Later on, PG&E agreed to participate in the development of a PoolCo. In July, both SCE and SDG&E proposed a "flexible pool" that would allow bilateral trading outside the pool. This approach appears sensible on political grounds \(em it squares off the large customers and independent power producers (IPPs) \(em and avoids a possible legal challenge to a mandated pool. It also provides a measure of competition to ensure that ancillary services will be priced in a nondiscriminatory and appropriate manner, and brings a modicum of pressure to bear on PoolCo's efficiency of operation.
The large customers, independent power producers, and power marketers were concerned that there might be an internal conflict between PoolCo's roles of providing a market and operating the system. (Namely, it might be tempted to provide lower prices to its market by favoring its transactions when scheduling across constraints compared with bilateral trades.) Although proper governance and a FERC-approved nondiscriminatory code should prevent such bias, they demanded a clear separation between monopoly and market activities, as in the gas market. Rather than one "black box" that was supposed to act pro bono publico, they wanted two black boxes with a transparent interface.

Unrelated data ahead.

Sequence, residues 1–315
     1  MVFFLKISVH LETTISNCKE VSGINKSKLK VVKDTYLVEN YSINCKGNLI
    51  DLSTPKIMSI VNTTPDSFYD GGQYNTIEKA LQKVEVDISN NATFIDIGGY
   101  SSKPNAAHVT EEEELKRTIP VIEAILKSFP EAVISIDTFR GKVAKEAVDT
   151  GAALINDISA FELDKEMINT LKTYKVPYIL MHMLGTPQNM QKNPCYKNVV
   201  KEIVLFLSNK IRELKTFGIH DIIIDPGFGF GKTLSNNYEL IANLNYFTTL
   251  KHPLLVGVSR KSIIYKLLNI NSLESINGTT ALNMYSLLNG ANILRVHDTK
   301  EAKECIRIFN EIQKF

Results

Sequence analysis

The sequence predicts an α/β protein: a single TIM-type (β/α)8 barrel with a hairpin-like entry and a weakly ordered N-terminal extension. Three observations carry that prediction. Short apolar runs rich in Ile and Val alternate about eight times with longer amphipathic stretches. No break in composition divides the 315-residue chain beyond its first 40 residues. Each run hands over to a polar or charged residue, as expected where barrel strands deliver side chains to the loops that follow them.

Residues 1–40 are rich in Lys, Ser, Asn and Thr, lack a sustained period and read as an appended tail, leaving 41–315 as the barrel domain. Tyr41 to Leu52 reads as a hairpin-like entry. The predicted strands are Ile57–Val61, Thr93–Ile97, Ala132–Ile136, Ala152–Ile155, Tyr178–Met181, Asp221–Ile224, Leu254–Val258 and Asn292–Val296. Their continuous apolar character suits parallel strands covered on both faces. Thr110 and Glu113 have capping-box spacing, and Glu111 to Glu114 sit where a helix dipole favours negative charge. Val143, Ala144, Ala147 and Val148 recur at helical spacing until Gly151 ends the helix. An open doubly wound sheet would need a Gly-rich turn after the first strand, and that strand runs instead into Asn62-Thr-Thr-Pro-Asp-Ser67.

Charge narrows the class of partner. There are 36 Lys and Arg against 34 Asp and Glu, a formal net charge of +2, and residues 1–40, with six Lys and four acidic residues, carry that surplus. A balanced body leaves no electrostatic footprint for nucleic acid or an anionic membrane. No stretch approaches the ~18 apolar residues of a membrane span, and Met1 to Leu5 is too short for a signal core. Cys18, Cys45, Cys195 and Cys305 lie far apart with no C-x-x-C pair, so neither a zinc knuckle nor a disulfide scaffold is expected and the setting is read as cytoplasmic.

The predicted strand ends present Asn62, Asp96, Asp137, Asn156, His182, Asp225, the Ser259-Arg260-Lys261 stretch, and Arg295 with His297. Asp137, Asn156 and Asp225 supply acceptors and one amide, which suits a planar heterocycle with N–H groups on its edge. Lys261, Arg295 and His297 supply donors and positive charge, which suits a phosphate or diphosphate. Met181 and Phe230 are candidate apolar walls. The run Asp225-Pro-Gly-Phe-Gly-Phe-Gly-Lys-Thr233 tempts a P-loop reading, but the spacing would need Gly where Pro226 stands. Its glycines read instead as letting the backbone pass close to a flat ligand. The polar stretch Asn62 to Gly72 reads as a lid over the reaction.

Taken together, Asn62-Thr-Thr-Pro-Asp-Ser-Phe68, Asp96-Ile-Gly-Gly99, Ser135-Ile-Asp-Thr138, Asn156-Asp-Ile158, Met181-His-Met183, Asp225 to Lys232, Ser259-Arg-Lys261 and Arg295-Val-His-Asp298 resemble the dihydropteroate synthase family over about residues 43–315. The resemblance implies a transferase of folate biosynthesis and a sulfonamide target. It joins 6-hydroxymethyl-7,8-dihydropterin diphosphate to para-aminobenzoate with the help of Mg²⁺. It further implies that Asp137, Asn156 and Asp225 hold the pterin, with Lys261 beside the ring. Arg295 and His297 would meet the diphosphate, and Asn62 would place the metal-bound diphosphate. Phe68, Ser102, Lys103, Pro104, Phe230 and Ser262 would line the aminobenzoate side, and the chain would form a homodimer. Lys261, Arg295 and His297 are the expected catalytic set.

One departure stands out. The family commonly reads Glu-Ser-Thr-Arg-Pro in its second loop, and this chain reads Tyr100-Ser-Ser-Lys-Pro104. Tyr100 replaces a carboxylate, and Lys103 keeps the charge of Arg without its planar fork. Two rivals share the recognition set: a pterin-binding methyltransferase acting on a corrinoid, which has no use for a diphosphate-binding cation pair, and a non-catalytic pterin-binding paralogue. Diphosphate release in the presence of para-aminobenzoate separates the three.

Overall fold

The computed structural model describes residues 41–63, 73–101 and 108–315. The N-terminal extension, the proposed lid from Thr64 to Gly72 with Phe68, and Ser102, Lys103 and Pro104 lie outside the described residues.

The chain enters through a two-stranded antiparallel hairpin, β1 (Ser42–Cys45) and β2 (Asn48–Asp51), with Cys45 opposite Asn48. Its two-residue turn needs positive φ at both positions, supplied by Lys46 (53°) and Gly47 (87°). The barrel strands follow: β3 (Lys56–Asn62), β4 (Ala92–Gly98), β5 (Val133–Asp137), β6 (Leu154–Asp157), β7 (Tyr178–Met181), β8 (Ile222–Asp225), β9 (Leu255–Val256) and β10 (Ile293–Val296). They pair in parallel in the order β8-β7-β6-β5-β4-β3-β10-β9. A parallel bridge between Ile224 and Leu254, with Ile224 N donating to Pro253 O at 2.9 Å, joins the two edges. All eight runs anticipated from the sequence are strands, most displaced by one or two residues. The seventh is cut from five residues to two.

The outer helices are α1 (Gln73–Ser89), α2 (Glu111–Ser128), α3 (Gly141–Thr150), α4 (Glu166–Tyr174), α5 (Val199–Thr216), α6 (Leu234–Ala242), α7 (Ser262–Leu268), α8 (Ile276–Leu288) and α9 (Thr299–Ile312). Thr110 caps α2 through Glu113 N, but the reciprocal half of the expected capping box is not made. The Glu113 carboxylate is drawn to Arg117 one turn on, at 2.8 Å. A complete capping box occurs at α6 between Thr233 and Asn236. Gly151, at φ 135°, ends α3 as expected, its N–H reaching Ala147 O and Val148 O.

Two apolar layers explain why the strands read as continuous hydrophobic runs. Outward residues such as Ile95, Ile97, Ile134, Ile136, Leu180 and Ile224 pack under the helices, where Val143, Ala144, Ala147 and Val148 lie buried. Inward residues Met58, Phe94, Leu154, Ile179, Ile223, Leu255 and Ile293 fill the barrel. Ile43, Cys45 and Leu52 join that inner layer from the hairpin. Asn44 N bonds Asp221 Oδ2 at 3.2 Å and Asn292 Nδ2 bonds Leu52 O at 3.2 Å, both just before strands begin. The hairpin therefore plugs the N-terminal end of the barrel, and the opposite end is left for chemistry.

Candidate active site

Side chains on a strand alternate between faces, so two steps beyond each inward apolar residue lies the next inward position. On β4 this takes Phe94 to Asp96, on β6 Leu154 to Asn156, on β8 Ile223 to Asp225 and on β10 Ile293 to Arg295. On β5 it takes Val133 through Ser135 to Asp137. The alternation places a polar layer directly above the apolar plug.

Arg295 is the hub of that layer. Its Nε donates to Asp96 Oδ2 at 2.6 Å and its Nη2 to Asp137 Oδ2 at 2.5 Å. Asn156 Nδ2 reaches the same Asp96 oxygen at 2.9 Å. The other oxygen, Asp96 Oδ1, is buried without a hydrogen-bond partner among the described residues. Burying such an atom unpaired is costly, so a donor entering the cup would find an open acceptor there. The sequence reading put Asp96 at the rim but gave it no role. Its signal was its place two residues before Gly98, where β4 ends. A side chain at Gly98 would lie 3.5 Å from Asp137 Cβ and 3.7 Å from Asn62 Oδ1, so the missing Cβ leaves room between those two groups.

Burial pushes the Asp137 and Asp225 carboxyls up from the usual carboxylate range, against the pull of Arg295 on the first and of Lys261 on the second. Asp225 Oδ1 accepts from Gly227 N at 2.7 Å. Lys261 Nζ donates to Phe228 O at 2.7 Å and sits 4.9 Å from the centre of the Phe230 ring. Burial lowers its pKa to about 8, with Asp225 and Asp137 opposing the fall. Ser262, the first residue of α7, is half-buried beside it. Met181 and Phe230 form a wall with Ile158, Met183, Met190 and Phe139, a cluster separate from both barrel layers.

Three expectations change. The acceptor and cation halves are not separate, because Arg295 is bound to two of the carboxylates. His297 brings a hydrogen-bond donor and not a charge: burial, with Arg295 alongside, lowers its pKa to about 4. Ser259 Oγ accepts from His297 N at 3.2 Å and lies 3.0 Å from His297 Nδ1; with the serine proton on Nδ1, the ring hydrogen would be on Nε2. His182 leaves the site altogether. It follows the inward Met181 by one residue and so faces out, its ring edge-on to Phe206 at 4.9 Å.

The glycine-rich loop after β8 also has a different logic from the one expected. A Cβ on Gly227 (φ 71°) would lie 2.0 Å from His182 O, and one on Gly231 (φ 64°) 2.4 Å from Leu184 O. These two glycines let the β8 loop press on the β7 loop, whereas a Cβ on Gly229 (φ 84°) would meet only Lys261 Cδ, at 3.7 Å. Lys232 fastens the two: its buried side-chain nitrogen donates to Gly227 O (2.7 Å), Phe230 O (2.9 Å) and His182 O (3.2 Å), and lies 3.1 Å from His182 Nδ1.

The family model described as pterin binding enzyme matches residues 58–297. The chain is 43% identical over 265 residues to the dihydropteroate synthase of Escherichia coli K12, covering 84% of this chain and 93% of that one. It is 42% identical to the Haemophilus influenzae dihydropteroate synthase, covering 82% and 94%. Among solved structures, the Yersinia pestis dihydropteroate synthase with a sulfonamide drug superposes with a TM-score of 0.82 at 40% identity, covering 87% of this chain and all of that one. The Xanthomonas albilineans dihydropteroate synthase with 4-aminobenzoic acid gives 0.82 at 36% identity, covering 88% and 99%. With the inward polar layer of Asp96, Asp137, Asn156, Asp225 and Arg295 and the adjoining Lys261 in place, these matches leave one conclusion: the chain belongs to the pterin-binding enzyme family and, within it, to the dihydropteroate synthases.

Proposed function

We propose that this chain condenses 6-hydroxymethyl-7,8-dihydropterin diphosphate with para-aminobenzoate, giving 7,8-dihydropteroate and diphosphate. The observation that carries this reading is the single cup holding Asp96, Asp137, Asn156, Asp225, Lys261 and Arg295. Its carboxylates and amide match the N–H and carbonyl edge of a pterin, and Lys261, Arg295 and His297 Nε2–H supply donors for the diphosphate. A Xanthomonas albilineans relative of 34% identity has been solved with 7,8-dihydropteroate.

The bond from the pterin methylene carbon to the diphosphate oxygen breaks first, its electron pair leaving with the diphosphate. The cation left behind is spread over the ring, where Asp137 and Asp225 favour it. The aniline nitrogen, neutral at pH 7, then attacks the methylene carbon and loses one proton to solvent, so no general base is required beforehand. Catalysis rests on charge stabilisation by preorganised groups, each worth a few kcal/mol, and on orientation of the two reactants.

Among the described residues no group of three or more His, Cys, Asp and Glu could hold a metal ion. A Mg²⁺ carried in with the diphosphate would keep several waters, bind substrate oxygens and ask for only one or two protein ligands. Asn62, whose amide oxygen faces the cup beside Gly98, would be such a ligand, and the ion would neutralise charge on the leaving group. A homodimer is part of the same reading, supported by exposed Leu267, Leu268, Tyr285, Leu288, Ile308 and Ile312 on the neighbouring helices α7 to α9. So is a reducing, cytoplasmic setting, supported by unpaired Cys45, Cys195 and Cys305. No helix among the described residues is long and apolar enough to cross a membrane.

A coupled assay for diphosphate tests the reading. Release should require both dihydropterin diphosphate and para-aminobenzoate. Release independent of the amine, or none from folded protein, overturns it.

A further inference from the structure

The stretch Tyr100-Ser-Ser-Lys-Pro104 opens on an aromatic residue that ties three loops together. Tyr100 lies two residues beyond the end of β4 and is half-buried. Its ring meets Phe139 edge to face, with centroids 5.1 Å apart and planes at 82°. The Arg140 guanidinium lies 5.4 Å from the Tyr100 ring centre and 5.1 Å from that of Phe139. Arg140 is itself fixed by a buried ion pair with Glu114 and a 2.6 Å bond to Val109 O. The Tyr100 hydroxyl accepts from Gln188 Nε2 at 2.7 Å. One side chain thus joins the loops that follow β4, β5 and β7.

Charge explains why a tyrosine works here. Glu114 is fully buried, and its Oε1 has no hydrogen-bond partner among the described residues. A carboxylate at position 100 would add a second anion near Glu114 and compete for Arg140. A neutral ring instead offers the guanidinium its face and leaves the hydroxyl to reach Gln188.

At the behest of the large consumers and power marketers, the MOU proposes splitting the PoolCo into two organizations \(em an independent system operator (ISO) and a power exchange (WEPEX) \(em which would both operate under FERC regulation in a fiduciary manner, with no financial interest in power trading. Power generators, local distribution companies, and large customers (acting independently or by aggregation) would conduct business through WEPEX (using Contracts for Differences to hedge risk), or would contract directly on a bilateral basis. The MOU proposes a four-year schedule for direct access, depending upon customer size:
s 8 megawatts (Mw) or greater in 1998
s 2 Mw in 1999
s 500 kilowatts (Kw) in 2000
s 100 Kw in 2001
s 50 Kw in 2002.
Customers with multiple sites could aggregate internally to qualify for the competitive market.
The WEPEX would conduct an auction in a manner similar to the flexible PoolCo. The ISO would then schedule both the WEPEX trades and the bilateral trades, and would manage constraints based on preferred schedules, reliability factors, real-time load balancing, and other operational requirements. When constraints arise, the ISO will allocate access to the transmission grid, based on nondiscriminatory comparable protocols approved by the FERC to make "the most efficient use of scarce network capacity."